Work or money. If we have learned anything along the way it’s that nothing can be done without having one of the two. In our case, money was not it. As we stood in that uncleared forest dreaming about one day turning it into a vineyard, we never imagined how much work we would do. The first established property of Cedar Rose Vineyards consists of 2 acres of vinifera grapevines and is located on a piece of land that belongs to Barbara Carman, a parent of one of the partners and founders, Steven Becker. This property now displays a picturesque scene of young grapevines accented by natural Eastern Red Cedar trellis poles, but in recent memory the land looked quite a bit different. A young forest had been allowed to take root, creating an almost impenetrable mass of trees, shrubs, sticker bushes, and poison ivy. Clearing it seemed almost impossible at the time. With no heavy equipment or capital, we were forced to rely on physical labor and an ethic of hard work that has been forgotten by recent generations. Through blood, sweat, and tears we slowly transformed the forest into the beautiful landscape that now graces this piece of South Jersey farmland.
Standing in the shadow of the uncleared forest with a chainsaw in one hand and a shovel in the other, we realized the challenge ahead of us was greater than we could have ever imagined. Not knowing where to begin, we decided to take on two of the hundreds of small black walnut trees that made up much of the forest. Within minutes, the foes were vanquished, leaving only stumps and twigs behind. The next step was to dig the stumps out. After an hour of hacking, cutting, digging, and slicing, we stood back heaving, covered in sweat, blood, and dirt. We decided that we could not do this without professional help. The next day we contacted a land clearing service, and after hearing the quote we realized that we would have to do this without professional help.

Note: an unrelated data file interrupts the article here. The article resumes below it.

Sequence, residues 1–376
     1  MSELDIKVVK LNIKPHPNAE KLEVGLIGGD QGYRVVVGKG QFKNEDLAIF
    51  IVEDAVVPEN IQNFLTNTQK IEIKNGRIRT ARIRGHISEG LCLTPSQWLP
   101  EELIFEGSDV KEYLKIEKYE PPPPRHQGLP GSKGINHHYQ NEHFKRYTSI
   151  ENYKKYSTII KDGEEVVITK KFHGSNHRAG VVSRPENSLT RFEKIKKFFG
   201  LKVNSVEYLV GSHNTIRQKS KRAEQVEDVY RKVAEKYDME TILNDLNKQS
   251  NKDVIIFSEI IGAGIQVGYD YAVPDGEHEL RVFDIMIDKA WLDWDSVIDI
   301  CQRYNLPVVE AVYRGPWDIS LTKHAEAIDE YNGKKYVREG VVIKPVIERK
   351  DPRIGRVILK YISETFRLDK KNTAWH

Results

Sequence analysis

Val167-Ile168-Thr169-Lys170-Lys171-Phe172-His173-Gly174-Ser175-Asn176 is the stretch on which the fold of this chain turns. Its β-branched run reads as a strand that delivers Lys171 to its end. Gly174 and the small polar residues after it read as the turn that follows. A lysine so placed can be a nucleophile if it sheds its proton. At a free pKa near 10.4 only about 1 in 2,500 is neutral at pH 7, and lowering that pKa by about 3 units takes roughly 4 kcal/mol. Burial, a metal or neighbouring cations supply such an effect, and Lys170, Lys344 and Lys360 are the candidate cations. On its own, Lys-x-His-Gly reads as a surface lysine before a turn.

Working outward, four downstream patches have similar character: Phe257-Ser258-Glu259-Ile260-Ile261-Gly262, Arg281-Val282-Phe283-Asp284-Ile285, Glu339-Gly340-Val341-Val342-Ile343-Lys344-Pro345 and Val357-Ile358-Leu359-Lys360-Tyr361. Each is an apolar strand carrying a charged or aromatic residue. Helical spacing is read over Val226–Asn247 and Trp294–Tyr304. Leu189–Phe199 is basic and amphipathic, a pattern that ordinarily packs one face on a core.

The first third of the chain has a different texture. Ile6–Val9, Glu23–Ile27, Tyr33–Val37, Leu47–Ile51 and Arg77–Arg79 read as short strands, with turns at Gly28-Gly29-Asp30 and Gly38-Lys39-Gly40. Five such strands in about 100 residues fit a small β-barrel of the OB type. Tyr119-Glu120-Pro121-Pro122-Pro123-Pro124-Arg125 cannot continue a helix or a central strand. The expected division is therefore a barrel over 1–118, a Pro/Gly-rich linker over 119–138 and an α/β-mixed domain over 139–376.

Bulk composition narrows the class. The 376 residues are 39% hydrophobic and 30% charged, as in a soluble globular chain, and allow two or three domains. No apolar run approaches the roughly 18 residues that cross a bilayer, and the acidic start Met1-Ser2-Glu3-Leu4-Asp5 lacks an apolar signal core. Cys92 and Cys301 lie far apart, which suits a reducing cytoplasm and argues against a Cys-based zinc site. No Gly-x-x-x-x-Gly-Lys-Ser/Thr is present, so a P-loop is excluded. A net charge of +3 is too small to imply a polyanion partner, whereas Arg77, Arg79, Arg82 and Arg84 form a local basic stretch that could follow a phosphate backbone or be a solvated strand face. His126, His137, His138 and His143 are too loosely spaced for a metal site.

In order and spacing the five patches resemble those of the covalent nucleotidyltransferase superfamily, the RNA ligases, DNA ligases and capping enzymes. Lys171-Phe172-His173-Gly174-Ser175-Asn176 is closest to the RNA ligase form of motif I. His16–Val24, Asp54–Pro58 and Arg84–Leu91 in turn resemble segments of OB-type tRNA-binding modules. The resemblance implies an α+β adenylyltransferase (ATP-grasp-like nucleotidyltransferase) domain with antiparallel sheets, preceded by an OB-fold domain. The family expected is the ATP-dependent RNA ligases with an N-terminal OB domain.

Before long we were back in the forest, cutting down trees and clearing brush as efficiently as possible. As each tree fell and sunlight spilled across the forest floor, our dreams began to take physical form. We watched the morale of the group rise with each section cleared, pushing us onward ever faster toward our goal. As progress continued and debris accumulated, we came upon our first obstacle. How would we ever find a way to dispose of the massive amounts of biomass that would inevitably have to be removed from the property? Since taking it all to the landfill seemed impractical and renting a dumpster was out of our budget, we saw only one option: burn baby, burn.